Fatal Frame: Maiden of Black Water Review – Spiritual Photography
Is Maiden of Black Water the game that will resurrect the series? The Fatal Frame franchise debuted on the PlayStation 2 more than two decades ago. It was a novel idea at the time, employing a camera as a weapon to not only photograph ghosts, but also to give a new type of gameplay than the usual survival horror of the period. The plot revolved around ghosts and cults, drawing inspiration from Japanese horror films from the 1990s such as Ringu and Ju-On.
It somehow ended up being a Nintendo exclusive franchise from the beginning of the Nintendo Wii up to the release of the most recent game, Maiden of Black Water, on the Nintendo Wii U. Back then, it was localized and published in the West by Nintendo, and most fans assumed that it meant the game would never be released on other platforms, but the current release of Fatal Frame: Maiden of Black Water remastered proved them wrong. It’s nevertheless encouraging to see that the game is now available on practically every platform, leaving the door open for future entries in the series.
Maiden of Black Water was far from the greatest in the series. It was not well received by reviewers at its initial release. The game might have done a lot better if some of the content was trimmed, as the main story may take more than 10 hours to complete, and it has considerable repetition, especially with its ghost encounters. While it is fascinating to see a new ghost now and then, even if it does lead to occasional fights with hostile ghosts, the gameplay has little space for creativity and advancements, so you frequently repeat the same battles, resulting in tedious encounters.
Because the game was initially designed for the Nintendo Wii U, the major gameplay feature, the Camera Obscura, was based on a combination of motion controls and analog input. In the case of the Wii U, you may swivel the camera using the Gamepad. This design was kept and used in the remastered version with the Gyro motion controls. You can use analog controls or Gyro motion controls, but one thing is certain: the novelty will wear off soon. In battle, analog controls are preferable in the heat of the moment.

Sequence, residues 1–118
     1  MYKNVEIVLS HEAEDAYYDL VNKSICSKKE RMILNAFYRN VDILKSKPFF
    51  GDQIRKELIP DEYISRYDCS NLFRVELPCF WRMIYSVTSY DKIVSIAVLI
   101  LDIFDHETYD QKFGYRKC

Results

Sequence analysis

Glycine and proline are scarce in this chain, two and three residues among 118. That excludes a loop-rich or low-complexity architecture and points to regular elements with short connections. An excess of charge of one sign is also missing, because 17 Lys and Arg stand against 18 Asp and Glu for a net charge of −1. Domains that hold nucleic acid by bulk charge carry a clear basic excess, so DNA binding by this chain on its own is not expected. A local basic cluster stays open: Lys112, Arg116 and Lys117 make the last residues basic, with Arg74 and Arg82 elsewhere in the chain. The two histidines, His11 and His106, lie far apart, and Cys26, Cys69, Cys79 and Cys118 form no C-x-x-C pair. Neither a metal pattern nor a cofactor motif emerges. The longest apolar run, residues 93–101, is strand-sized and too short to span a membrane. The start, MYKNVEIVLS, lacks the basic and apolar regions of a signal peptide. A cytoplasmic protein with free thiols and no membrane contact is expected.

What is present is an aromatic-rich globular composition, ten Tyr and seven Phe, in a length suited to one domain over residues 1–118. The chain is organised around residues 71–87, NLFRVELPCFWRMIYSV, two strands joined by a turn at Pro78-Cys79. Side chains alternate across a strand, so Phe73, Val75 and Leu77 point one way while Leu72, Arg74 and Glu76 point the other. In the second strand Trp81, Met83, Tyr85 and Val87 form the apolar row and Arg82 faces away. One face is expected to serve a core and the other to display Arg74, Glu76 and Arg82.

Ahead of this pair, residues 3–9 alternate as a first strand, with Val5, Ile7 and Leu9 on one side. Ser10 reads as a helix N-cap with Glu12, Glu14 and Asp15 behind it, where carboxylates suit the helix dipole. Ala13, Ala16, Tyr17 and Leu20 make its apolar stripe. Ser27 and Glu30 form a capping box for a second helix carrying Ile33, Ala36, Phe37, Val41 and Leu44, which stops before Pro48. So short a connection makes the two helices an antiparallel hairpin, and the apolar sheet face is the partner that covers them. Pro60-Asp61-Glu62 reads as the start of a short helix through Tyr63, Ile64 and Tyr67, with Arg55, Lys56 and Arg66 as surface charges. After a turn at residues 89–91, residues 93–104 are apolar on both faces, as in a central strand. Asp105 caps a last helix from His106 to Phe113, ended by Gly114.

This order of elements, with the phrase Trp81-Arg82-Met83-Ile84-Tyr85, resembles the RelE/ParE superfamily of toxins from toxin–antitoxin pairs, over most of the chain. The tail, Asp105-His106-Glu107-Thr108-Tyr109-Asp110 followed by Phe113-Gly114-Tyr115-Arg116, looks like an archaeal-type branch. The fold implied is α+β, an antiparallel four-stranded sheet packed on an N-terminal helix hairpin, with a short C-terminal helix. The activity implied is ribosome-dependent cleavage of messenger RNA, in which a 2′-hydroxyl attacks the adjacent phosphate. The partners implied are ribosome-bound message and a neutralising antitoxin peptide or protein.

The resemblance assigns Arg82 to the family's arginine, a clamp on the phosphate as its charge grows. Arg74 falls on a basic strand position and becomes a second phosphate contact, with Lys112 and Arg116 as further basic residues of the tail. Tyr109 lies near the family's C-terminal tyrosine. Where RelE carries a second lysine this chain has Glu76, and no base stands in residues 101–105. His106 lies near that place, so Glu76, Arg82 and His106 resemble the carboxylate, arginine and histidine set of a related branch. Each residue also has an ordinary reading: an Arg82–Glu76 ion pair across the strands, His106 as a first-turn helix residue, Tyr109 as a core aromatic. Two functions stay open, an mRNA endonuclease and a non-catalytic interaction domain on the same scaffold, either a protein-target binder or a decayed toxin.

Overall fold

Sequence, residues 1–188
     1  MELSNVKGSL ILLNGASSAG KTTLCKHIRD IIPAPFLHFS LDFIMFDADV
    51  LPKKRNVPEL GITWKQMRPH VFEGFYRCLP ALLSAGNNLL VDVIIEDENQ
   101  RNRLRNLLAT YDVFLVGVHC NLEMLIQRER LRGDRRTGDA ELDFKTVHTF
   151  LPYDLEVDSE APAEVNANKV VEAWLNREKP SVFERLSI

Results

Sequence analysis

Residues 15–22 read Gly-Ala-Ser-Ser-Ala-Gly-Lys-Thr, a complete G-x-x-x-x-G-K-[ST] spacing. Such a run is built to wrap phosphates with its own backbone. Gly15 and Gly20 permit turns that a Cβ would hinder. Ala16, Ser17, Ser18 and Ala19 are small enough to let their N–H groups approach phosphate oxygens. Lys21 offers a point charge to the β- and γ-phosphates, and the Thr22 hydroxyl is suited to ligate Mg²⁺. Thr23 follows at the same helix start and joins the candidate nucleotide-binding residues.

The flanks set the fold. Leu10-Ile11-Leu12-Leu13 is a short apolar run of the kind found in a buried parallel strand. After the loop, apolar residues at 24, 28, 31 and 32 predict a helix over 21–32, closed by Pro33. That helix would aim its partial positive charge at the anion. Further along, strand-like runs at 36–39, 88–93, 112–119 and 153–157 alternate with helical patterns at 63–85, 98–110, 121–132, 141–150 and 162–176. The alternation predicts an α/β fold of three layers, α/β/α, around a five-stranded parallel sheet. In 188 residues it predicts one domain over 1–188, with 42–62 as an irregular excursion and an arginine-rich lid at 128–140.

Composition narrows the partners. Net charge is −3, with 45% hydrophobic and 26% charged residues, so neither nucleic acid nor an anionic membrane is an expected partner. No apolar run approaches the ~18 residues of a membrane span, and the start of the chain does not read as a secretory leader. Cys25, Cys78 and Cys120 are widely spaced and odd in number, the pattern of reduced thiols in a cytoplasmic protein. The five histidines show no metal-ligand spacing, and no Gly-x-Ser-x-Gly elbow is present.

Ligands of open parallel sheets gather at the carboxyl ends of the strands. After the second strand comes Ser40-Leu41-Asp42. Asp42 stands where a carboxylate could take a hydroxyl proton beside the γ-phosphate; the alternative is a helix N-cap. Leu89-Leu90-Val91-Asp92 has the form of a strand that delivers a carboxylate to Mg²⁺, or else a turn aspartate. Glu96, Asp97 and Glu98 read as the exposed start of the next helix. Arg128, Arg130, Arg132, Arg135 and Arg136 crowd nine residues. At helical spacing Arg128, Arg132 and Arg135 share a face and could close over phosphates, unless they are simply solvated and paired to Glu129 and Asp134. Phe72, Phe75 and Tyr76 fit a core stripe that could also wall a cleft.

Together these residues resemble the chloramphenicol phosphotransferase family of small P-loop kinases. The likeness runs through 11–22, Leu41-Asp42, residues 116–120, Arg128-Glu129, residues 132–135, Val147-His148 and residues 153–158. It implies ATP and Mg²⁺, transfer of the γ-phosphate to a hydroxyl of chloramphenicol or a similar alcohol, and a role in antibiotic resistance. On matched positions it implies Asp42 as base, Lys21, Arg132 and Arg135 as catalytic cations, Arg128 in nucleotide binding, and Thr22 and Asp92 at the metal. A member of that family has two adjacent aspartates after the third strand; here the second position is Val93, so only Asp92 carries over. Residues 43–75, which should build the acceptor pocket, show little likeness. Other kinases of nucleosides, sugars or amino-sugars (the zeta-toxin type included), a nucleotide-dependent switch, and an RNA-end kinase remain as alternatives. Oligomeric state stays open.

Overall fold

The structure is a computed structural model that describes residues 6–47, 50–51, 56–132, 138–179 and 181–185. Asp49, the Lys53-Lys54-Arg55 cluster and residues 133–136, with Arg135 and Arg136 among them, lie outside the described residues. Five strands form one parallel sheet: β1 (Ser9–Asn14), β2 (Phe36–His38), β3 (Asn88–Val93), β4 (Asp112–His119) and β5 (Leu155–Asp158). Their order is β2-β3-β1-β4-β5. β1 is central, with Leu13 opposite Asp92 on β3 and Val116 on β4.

The plot centers on three main characters. While the majority of the story is fictitious, it does draw influence from the real-life Suicide Forest in Japan. The game takes place on Hikami Mountain, which is home to spiritual temples and shrine maidens. Their role is to assist those who are experiencing difficulties in their lives. The story’s premise is dark enough that it has an emotional impact, especially when you come across the background of a ghost with a tragic past. The three characters are intertwined in a series of timelines that converge at a single point, revealing more about Hikami Mountain’s dark and terrible past.
In the game, there are several varieties of ghosts. Not every one of them will be hostile. When a ghost is close, you will see flashes of white while you explore an area. At this moment, if you’re quick enough to whip out your Camera Obscura, you might be able to capture a ghost who is trapped performing something in their past. Some of them provide further information about what occurred in a certain area, while others serve as puzzles to guide the player properly.
Camera Obscura lets you not only photograph ghosts but also damage hostile ones that you may encounter on your quest. These will require you to concentrate on a specific object of interest and aim the Camera Obscura at it. You may perform several actions, such as a “Fatal Frame” shot, which occurs just when a Ghost is about to attack. The additional techniques allow you to deal more harm to the ghost, but the basics of the game boil down to taking a shot with the camera and attempting to earn as many points as possible. As a result, the gameplay suffers from repetition, making it unsuitable for extended periods of play.
Unfortunately, there aren’t many quality-of-life improvements in this remaster. Rather than correcting the pacing and gameplay, the emphasis has been on enhancing the visuals and introducing things like more outfits to unlock. You also get a photo mode that is quite detailed and should delight fans who want to take photos of their favorite characters dressed up in new outfits. As a result, if you finished it on the Wii U, you won’t gain anything new out of this. Although the restored graphics are crisper, they appear dated by current standards. Fortunately, the PS5 version supports 60 frames per second, allowing you to run the game at 4K with better performance than the original release.
Fatal Frame: Maiden of Black Water Game Information
- Price: $39.99
- Publisher: Koei Tecmo
- Developer: Koei Tecmo
- Platform: PS5 (Reviewed)
- Disclaimer: A review code was given by the publisher